A British computer engineer who allegedly helped to fund and direct a group that hacked to death secular bloggers in Bangladesh worked in an east London school, officials have claimed.

    Touhidur Rahman, 58, who is of Bangladeshi origin but lived in London for more then 20 years until 2013, has been charged with orchestrating the murders of Avijit Roy and Ananta Bijoy Das after he joined a group in his homeland affiliated to al-Qaeda

    ‘Briton’ arrested in Bangladesh over murders of bloggers

  7. Afghan suicide car bombing kills American contractors

    KABUL, Afghanistan — A suicide car bomber attacked a NATO convoy traveling through a crowded neighborhood in Afghanistan’s capital Saturday, killing at least 12 people, including three American contractors for the international military force, authorities said.

    NATO said that the slain civilian contractors were Americans. One died instantly in the attack and two later died of their wounds.

    The Taliban quickly denied it was behind in the attack in Kabul’s Macrorayan neighborhood, though the militants increasingly have been targeting Kabul in recent weeks and often don’t claim attacks that maim large numbers of civilians.

    The attack struck near the private Shinozada hospital, the sound of the powerful blast roaring throughout the capital. Ambulances and Afghan security forces quickly surrounded the blast site, blocking access off from about half a mile away.

    U.S. Embassy spokeswoman Monica Cummings told CBS News’ Ahmad Mukhtar that the blast was believed to be about a mile away from the embassy.

    The bombing wounded 66 Afghan civilians, said Wahidullah Mayar, a Health Ministry spokesman.

  8. Refugees tear through police lines at Macedonian border

    GEVGELIJA, Macedonia (Reuters) – Thousands of migrants stormed across Macedonia’s border on Saturday, overwhelming security forces who threw stun grenades and lashed out with batons before apparently abandoning a bid to stem their flow through the Balkans to western Europe.

    Some had spent days in the open with little or no food or water after Macedonia on Thursday declared a state of emergency and sealed its borders to migrants, many of them refugees from war in Syria and other conflicts in the Middle East.

    But by nightfall on Saturday, thousands had crossed the frontier, milling around the border town of Gevgelija where busses had converged from all over the country and trains left in quick succession to take them north to the next leg of their journey through Serbia.

    There was no official word from the government, but the level of organization suggested authorities had opted to move the migrants on as quickly as possibly, having tried and failed to keep them out with razor wire, teargas and stun grenades.

    “The government is organizing additional trains. I don’t know who is organizing the busses,” said Alexandra Krause, a senior protection officer with the United Nations refugee agency, UNHCR.

    No-man’s land, where men, women and children had slept in squalor under open skies appeared largely empty, though more people are certain make their way from Greece.

    “In this Europe, animals are sleeping in beds and we sleep in the rain,” said 23-year-old Syrian woman Fatima Hamido on entering Macedonia. “I was freezing for four days in the rain, with nothing to eat.”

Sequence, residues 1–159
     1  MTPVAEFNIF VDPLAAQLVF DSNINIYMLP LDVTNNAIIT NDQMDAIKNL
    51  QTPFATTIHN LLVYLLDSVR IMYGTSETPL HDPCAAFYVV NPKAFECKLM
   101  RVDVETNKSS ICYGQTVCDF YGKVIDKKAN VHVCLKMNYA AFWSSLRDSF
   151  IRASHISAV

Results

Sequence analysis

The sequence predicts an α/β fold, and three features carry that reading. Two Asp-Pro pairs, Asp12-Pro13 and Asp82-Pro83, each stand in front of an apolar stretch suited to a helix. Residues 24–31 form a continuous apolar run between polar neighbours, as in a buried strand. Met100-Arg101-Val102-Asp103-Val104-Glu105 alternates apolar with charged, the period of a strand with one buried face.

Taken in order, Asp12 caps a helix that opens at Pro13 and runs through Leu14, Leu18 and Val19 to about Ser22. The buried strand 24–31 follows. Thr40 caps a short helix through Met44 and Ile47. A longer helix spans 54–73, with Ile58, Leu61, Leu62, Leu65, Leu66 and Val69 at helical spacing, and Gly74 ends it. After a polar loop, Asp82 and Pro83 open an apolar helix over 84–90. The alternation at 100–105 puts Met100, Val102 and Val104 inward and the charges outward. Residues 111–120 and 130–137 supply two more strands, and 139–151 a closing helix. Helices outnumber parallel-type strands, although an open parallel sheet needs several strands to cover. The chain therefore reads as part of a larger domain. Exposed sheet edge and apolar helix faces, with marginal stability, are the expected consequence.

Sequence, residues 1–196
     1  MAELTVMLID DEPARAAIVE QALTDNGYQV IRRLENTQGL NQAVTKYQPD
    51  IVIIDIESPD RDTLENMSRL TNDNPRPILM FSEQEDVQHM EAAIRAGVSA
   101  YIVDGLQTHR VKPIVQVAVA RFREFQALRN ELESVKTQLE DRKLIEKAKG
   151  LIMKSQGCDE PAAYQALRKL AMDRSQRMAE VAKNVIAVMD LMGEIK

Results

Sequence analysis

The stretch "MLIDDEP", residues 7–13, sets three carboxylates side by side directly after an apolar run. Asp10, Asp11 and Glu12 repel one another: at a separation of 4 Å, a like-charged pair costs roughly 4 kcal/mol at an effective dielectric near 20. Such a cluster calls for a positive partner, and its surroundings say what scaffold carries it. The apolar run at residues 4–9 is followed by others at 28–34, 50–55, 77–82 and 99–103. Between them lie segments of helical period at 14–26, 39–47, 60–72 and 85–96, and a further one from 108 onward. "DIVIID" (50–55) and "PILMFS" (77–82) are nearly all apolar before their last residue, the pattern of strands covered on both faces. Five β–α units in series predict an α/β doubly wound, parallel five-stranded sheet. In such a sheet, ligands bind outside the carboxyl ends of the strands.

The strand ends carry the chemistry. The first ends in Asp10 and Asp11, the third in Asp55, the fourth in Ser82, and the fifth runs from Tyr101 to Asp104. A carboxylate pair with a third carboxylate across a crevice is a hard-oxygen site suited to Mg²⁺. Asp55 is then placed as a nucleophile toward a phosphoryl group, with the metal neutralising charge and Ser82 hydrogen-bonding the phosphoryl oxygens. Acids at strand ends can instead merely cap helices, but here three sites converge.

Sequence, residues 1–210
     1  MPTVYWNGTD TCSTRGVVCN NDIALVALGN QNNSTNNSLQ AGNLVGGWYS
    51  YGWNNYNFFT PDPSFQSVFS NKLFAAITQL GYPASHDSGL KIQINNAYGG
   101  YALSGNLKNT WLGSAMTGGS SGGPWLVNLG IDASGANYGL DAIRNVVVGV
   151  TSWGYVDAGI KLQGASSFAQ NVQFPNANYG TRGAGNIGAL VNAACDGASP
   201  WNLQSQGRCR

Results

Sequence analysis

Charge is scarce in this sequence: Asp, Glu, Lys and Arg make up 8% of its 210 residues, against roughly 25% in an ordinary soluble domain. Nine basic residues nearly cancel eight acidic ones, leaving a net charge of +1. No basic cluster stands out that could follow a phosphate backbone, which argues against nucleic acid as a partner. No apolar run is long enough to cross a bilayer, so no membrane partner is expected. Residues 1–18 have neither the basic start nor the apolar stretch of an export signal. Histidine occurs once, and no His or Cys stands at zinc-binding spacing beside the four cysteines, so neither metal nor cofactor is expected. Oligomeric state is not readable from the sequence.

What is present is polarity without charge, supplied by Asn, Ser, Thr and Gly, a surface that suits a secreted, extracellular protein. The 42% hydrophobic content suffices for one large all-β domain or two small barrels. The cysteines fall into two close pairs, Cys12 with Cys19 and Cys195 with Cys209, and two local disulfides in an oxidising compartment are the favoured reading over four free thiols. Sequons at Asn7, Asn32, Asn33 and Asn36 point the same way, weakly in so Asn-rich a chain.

Thirty-two-year-old Saeed from Syria said of the blocked border: “We know this was not Macedonia and the Macedonian police. This was the European Union. Please tell Brussels we are coming, no matter what.”

    Migrants had been pouring across the border into Macedonia at a rate of some 2,000 per day, en route to Serbia then Hungary and Europe’s borderless Schengen zone. Some 50,000 arrived on Greek shores in July alone by boat from Turkey.


    The surge in numbers had overwhelmed Gevgelija, testing the patience of a conservative government that faces an election in April and has for years been thwarted in its efforts to join the European Union and NATO by a dispute with Greece over Macedonia’s name.

    The government criticized Greece, as an EU member, for letting the migrants through and in some cases aiding their passage by chartering ships to take them from inundated Greek islands to the mainland.

    On Friday, riot police fired teargas and stun grenades to drive back angry crowds, in the latest flare-up in a migration crisis that has brought ripples from the conflicts of the Middle East to Europe’s shores.

    Some 600 were allowed through overnight, squeezing onto a dawn train north to the Serbian border. But more kept arriving on the Greek side, converging on a filthy, chaotic strip of frontier with little sign of an organized aid effort.

    Some Greeks sold sandwiches and drinks to those prepared to pay. A man with a generator charged 1.5 euros to charge mobile phones.

    Tired, angry and wet, one part of the crowd pushed through police lines, while others ran through open fields several kilometers from the bulk of police. Some small children were separated from their parents; people collapsed or staggered across with bloodied faces.

    For many Macedonians, the crisis has echoes of 1999, when hundreds of thousands of ethnic Albanians took shelter in refugee camps on Macedonia’s northern border during a war in neighboring Kosovo, then a province of Serbia.

    • Mazedonien – Traumatisierte Flüchtlinge: “Wir wollen keinen Fraß vom roten KREUZ!”

      Asylforderer an der mazedonischen Grenze, die derzeit recht stark abgeriegelt ist, verweigern Hilfspakete, die ihnen angeboten werden.